A California appeals court rejected the appeal of Brock Turner, the former Stanford swimmer who sought to overturn his convictions stemming from a 2015 sexual assault of an unconscious woman.
In 2016, Turner was convicted of assault with intent to rape, sexual penetration of an intoxicated person and sexual penetration of an unconscious person. As a result of the sentence, he must also register as a sex offender for life.
Assault and battery
Crime, law enforcement and corrections
Crimes against persons
Sex and gender issues
Last month, his lawyer, Eric Multhaup had argued before the 6th District Court of Appeal that there was "a lack of sufficient evidence to support three convictions" against Turner.
In arguing for overturning the convictions, Multhaup took issue over when the victim, known as Emily Doe, became unconscious. The defense also contended that because Turner was "fully clothed and engaged in forms of sexual conduct other than intercourse," it would "negate an inference of intent to rape."
"We are not persuaded," the justices wrote in response to the attorney's arguments.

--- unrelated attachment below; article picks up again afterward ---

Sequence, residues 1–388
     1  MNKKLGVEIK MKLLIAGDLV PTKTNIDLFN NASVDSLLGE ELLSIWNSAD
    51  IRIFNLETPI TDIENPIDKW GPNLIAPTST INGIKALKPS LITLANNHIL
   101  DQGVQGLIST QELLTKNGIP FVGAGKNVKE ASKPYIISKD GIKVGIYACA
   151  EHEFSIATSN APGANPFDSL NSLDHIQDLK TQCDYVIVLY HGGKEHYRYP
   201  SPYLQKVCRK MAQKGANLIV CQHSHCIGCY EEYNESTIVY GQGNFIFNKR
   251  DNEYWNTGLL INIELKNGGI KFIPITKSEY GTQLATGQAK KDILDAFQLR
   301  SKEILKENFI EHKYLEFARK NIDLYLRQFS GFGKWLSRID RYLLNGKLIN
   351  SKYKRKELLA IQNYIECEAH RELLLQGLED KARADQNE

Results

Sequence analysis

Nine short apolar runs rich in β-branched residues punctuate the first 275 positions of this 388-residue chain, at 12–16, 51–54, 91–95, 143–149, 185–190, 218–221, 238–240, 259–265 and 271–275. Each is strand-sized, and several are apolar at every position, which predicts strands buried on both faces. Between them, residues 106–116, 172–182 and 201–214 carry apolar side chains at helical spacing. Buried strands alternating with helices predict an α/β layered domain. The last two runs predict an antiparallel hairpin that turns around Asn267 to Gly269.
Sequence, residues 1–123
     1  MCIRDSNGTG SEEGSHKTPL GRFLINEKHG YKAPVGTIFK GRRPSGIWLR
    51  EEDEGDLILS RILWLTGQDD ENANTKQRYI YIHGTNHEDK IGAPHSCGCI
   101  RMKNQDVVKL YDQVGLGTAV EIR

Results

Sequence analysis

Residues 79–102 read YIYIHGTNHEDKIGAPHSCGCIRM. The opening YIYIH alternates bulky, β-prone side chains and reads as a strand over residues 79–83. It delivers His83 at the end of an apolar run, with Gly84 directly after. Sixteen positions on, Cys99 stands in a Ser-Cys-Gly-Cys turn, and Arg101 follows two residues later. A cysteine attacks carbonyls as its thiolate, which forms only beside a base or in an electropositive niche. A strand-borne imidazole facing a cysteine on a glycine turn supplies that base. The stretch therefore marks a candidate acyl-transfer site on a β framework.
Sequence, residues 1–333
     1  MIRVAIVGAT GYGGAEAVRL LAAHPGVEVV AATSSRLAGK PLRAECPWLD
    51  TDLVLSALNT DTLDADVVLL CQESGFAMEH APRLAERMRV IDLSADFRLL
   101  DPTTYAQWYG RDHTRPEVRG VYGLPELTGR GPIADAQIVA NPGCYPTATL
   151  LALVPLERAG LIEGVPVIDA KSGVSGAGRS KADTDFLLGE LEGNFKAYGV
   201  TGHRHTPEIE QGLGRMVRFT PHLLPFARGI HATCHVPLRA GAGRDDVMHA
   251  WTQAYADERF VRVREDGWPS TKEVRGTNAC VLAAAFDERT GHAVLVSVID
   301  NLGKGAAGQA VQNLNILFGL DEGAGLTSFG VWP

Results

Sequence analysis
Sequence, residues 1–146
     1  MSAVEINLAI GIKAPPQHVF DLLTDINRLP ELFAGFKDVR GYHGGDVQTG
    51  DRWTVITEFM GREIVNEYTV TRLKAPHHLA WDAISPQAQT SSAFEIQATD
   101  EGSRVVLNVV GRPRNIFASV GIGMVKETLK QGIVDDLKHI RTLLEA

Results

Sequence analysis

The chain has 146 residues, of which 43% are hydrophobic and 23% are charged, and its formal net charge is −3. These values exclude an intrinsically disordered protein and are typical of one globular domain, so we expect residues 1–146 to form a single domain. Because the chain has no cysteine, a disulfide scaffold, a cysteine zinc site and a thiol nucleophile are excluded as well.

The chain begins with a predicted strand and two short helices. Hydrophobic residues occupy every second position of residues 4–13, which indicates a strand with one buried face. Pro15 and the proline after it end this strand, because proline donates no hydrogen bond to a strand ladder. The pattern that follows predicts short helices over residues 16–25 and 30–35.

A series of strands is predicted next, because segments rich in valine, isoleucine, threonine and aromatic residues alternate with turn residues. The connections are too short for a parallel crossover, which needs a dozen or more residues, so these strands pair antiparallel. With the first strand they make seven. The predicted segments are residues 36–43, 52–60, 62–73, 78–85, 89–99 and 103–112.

In the ruling issued Wednesday, the three justices unanimously upheld the judgment against Turner.
"Defendant argues none of his convictions is supported by sufficient evidence. That argument lacks merit," according to the ruling.
The case captured the national spotlight after the victim penned an emotionally searing letter that she read to Turner at his sentencing.
It then caused an uproar when Judge Aaron Persky, who oversaw the trial, sentenced Turner to six months in county jail, of which he served three months, because the jail was overcrowded. Prosecutors had asked for a six-year sentence.
The sentence drew an outcry as too lenient and resulted in the recall of Persky by Santa Clara voters in June.
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